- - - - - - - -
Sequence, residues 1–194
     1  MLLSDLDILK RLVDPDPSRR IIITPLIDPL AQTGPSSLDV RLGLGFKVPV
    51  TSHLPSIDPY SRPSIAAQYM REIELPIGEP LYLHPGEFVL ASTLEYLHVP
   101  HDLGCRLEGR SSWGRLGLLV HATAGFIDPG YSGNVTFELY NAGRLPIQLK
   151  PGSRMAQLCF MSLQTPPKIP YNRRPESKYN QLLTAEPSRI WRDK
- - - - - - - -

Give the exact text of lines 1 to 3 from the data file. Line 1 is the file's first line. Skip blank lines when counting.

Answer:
Sequence, residues 1–194
     1  MLLSDLDILK RLVDPDPSRR IIITPLIDPL AQTGPSSLDV RLGLGFKVPV
    51  TSHLPSIDPY SRPSIAAQYM REIELPIGEP LYLHPGEFVL ASTLEYLHVP